“Child?” the man repeats in an eerily pleading tone. “Child?”
Though she wails, he cannot hear her, and eventually he abandons his cause. We follow him to his pickup, climbing onto the hood, into the cab, the bed. His vehicle is laden with angry spirits.
“I’m going with him,” Kim announces.
“No!” Teresa cries. “No!”
“I’m coming, too,” I decide, and the two of us move inside, onto the bench seat next to the man.
“No. Please!” Teresa’s fear almost eclipses Jilly’s. She is hysterical. The others shout, curse, and cry.
“I fucking hate this place,” Kim says.
“We can go,” I assure him.
“What about Jilly?” Kim asks as the driver pauses at the road, waiting for a line of traffic to pass.
“She has everything we could give her.” I am ready to leave and let the consequences play out as they will.
“Hold my hand,” he says. I would’ve laughed but for the fear in his voice.
The driver guns the engine and the truck pulls onto the highway. We remain. I knew Kim wouldn’t go. I knew it.
He’s a dying breed they say. The big corporate guys are swallowing him up. He can’t compete with modern technology and his old ways are passing. But the family farmer is a tough bird to pluck. He hangs on in the pockets and gullies of America’s plains like ragweed and thistle.
I like to think of myself as the “family songwriter”, self-determining and slightly crazy like the family farmer. I take pride in being my own man. I’m not one of those elite musicians who travel in a limo to the Grammys and then sue their record label. My car has 250,000 miles on it and I’ve never been to the holy awards show. I distribute my own CDs so whom would I sue?
You can’t be a family farmer or a family songwriter in a half-baked way. I’m not talking about a small garden of tunes it gives me some pleasure to tend. I’ve written at least 800 songs, released 8 CDs, and had over 100 cuts by other artists. I depend on acres of music not square feet.
This is more than a business to me. I’d have quit long ago if it was just about the money. I love this way of life. But I’m in this up to my neck. I’ve assumed a lot of risk by investing a small fortune in my property and equipment, its repair and upkeep. Not tractors, silos and land, but expensive instruments, recording gear, copyrights, demos and masters. I’ve spent sunup to sundown learning and practicing the art. Not of animal husbandry and crop rotation, but of proliferating tunes that people want to hear again and again.
Compared to the big operations, I’m just a small time picker and herder. Not a picker of apples and oranges but of steel strings that do not pick themselves. Not a herder of sheep and llamas but of rhymes and metaphors that are never restricted by fences. I pick until my hands ache and my calloused fingers split, just so that nothing rots on the branches of my music tree. I herd until my brain is numb from trying to round up every stray word-beast grazing on the hills of my imagination. This is what I do day-in and day-out.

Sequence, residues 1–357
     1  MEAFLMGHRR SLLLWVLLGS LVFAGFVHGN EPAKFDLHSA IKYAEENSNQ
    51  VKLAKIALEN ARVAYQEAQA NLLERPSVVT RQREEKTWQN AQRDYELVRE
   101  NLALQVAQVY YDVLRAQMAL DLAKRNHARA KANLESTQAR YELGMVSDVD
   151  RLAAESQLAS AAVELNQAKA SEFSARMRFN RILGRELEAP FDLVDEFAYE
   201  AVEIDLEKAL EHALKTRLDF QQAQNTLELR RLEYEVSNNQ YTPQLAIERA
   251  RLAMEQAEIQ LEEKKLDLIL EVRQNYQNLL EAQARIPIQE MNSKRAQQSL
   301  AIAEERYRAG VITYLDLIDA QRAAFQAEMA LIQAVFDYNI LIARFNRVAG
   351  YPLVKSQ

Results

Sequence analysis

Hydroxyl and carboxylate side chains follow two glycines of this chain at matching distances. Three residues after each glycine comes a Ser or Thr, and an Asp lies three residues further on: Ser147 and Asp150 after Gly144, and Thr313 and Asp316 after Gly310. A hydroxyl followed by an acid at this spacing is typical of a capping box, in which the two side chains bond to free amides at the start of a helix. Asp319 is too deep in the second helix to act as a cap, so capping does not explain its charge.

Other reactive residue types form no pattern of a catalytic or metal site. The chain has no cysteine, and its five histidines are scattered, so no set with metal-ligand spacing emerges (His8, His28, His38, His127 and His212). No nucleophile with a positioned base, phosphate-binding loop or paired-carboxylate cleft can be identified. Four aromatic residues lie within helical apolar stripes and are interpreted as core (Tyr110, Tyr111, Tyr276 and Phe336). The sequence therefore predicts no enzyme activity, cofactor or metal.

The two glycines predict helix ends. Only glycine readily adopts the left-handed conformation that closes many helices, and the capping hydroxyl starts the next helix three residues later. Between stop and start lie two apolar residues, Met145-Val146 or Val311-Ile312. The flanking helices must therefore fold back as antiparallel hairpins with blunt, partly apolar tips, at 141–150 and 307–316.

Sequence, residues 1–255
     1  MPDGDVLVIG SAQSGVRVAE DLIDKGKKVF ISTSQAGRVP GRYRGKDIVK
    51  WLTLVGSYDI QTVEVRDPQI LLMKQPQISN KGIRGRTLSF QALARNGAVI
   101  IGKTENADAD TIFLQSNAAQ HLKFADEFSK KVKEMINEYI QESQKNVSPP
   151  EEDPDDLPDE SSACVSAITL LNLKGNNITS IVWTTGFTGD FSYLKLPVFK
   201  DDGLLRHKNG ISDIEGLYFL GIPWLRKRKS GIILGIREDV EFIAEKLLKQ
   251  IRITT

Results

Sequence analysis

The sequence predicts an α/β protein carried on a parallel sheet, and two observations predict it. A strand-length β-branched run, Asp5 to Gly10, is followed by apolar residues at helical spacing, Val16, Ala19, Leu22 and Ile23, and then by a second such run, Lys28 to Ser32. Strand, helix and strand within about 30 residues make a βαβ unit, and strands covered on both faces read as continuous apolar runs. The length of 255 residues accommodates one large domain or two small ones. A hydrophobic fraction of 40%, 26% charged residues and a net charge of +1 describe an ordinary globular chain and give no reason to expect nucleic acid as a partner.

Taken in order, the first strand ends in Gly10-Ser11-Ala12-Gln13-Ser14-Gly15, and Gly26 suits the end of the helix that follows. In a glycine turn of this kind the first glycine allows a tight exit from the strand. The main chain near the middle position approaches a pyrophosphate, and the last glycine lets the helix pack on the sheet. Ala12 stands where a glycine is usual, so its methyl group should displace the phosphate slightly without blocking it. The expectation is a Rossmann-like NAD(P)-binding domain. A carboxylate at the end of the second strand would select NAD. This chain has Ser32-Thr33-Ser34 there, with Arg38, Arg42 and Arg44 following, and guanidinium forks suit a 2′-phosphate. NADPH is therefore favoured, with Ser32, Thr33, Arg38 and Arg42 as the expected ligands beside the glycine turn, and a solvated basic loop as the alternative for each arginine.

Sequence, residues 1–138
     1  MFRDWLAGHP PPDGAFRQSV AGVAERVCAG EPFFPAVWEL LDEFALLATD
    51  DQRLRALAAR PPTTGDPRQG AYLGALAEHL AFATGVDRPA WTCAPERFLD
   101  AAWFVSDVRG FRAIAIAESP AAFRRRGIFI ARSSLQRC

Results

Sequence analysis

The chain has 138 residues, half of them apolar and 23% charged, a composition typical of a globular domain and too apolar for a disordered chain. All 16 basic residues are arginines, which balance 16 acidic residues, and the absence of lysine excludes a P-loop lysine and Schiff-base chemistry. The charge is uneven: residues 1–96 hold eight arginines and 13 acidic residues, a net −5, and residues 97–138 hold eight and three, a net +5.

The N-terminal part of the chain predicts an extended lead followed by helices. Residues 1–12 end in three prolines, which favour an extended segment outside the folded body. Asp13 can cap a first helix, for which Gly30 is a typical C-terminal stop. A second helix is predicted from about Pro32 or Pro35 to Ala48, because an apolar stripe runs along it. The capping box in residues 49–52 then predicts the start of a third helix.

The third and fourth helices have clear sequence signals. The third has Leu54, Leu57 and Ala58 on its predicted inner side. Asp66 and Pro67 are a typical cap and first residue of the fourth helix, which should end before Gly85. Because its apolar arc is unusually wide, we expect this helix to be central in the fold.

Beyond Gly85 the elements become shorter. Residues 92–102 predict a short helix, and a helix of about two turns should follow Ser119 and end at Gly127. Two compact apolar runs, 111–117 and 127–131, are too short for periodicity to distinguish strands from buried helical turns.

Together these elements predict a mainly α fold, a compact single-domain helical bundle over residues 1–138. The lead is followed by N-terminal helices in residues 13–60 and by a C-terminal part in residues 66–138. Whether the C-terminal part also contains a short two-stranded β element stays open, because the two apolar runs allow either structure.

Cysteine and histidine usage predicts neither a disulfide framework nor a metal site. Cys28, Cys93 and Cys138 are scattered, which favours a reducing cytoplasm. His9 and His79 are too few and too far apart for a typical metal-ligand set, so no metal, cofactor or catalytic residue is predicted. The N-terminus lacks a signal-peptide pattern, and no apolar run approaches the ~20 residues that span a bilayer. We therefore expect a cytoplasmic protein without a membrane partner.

What I produce is nearly as perishable as vegetables. Most records have a shelf life. Even the rare hits grow stale, and I’ve had a few of those (written on a handful of days out of thousands that I labored). My evening’s concert performance vanishes like corn at a picnic when it’s over. Music is only temporarily filling. I must continually plant fresh seeds, grow a new crop and wrestle against “the elements” to survive. Those elements include the erosion of my once-dependable revenue due to the prevailing winds of piracy and profiteering that blow steadily taking part of my livelihood elsewhere. As I watch that “dust” swirling away, it takes part of my spirit with it. But I’m always hopeful next year will be better, or the year after that.
My bottom line in all of this is higher than most people think. What did those hundreds of unprofitable songs cost me to make? Something, at any rate, because I cherished them and grew them over countless hours and days and seasons. I believe I had to make the failed songs in order to make the best songs.
The market for my goods is fickle. It’s a supply and demand thing. All I know for sure is that there’s a lot of competition and I can’t count on much. I often travel great distances to bring my music to where it’s needed- the “market”- whether that’s a concert venue 500 miles away or a website only a few keystrokes away, it was a long haul to get there. Forty years lie between the harvest of my first song and my latest. Many sets of worn tires have driven me to recording studios, gigs, pitch meetings, radio interviews, bank loan departments, music trade conventions, two coasts and a thousand towns in between. I’ve paid literal and virtual tolls on this lifetime journey, and they all factor into the value of my art.